"It's opening day of elk season." Also? "There won't be much snow in the mountains. The snow we were in last weekend, it's all melted. There might be 3 inches, but that will be it."
However, this is my favorite place in the Eagle Cap Wilderness. It's a remote, wilder place than a lot of the heavily traveled trails, and you have to work for it. You climb steeply to these small basins and eventually over the pass you can see in the background. From there you can drop to some lakes that are rarely visited.
Nobody had been here in a long time. The snow got deeper as I reached 8,000 feet, about a foot, and I knew I wouldn't camp here. It was just too cold, the snow too deep, the forecast too uncertain. I had to descend. There's nothing like a basin completely covered in snow, with nobody else around for at least twenty miles, to make you feel small.
I had asked over six people to go hiking with me, and nobody wanted to go. Nobody is thinking about hiking anymore. After all, the lakes are frozen. You have to haul winter gear. It's hard work, and people don't want to do it.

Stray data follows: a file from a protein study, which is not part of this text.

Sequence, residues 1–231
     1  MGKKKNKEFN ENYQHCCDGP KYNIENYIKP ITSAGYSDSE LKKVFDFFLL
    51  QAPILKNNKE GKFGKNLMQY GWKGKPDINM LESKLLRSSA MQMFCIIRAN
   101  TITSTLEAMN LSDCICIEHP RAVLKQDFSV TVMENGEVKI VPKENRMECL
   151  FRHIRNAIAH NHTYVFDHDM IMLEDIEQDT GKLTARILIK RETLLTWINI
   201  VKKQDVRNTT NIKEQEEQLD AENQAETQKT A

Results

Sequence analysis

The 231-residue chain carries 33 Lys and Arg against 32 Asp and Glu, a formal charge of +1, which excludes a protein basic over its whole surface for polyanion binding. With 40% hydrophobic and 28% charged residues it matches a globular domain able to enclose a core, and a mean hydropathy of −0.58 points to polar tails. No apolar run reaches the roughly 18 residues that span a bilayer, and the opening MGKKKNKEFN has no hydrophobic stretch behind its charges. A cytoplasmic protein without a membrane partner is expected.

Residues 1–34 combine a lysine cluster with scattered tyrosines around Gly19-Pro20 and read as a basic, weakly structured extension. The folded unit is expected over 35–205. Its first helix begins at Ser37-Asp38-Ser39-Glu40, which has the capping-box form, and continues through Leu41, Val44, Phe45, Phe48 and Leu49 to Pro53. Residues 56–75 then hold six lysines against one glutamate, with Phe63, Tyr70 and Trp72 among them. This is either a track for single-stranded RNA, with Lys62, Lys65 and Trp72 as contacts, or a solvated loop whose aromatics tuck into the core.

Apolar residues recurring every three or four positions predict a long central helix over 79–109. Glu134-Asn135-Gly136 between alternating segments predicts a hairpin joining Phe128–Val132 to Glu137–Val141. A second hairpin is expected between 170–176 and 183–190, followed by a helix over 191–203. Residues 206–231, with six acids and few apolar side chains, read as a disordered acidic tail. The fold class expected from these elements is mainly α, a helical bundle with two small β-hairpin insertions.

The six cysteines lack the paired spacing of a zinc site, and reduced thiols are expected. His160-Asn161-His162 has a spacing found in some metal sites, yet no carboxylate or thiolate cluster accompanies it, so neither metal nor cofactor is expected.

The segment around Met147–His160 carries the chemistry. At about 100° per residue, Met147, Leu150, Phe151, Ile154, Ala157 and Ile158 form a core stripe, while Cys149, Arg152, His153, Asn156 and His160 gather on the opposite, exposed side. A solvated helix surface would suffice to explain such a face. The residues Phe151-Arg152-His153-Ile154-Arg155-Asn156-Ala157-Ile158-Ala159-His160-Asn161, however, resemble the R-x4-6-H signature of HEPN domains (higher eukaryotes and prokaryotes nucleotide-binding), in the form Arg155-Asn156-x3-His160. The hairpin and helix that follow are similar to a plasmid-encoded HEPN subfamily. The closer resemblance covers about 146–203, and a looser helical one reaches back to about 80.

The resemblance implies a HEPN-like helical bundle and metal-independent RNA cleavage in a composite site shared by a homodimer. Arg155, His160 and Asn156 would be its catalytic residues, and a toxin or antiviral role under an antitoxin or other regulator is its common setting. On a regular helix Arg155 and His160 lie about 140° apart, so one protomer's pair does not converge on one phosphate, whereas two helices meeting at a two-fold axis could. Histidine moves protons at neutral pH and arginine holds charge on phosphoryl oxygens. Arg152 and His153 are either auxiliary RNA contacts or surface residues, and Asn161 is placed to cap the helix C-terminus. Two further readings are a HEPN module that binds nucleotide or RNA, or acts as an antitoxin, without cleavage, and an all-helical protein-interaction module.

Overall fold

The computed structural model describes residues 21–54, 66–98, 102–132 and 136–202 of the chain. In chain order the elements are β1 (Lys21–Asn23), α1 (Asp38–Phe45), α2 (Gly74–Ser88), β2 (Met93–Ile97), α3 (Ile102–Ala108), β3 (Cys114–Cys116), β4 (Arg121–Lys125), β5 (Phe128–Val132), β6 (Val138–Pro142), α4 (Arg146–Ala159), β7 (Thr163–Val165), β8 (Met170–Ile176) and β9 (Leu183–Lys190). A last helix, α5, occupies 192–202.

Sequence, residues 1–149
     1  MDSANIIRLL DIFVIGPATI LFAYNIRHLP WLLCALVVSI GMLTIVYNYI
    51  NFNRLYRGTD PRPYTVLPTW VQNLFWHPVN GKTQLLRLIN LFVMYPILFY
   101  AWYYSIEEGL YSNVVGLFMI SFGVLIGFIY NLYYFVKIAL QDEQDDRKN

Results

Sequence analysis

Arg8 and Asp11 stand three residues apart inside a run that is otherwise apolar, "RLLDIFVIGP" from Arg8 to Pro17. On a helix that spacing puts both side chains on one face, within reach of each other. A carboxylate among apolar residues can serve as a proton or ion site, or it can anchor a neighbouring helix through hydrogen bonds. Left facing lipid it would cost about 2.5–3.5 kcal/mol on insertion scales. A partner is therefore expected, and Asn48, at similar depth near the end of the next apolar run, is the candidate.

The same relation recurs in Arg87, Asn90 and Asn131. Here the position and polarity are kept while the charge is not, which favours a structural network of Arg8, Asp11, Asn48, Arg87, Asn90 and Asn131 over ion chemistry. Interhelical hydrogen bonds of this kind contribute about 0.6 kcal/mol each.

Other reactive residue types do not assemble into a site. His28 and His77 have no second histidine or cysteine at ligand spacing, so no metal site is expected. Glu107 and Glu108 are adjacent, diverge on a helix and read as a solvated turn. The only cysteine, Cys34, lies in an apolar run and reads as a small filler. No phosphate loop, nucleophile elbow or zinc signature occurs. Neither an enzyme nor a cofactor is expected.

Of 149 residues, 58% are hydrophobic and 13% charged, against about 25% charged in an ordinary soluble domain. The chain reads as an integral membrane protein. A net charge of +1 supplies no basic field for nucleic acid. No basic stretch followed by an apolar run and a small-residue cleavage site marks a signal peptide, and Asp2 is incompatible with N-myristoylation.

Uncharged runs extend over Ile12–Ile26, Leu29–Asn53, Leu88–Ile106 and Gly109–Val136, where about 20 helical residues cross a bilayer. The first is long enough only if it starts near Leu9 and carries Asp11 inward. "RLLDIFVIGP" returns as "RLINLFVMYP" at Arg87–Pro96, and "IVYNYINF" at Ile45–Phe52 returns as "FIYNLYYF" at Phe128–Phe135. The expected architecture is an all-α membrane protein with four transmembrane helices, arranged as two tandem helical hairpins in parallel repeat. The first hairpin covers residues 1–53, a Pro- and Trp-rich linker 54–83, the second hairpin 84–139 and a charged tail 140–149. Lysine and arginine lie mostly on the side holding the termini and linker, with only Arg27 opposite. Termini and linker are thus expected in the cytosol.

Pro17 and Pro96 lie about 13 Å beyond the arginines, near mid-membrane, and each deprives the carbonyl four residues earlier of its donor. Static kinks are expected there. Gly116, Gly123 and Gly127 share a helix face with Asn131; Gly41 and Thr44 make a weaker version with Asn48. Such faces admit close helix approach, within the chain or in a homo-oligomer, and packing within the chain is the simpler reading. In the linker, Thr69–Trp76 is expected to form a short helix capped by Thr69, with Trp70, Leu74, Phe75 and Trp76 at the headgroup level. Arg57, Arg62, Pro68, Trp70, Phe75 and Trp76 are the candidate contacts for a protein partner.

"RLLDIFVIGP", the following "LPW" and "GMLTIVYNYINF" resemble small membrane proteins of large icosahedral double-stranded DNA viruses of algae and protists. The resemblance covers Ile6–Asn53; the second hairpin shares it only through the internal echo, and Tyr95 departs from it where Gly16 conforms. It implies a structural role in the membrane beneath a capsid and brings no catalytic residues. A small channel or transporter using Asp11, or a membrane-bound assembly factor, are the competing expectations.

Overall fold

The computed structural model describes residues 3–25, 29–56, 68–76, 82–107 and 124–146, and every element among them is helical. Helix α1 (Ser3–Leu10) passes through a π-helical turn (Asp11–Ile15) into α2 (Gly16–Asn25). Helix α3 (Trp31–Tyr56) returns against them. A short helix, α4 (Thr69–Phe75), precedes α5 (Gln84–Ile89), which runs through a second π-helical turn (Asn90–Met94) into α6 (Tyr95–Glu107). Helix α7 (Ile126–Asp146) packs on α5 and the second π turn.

I don't know if that makes me brave or crazy. Maybe a little bit of both.
I found a place far below that was free of snow and dove into the tent. It was five, and completely dark. Fourteen hours in the tent? I would read, I thought, and then eat dinner. I ended up falling asleep at five-thirty and never waking up until five in the morning, except to briefly turn over. I guess I needed to sleep! All in all I hiked 12 miles just to camp three miles from the trailhead! It was worth it, though, to see this magical winter world, all to myself.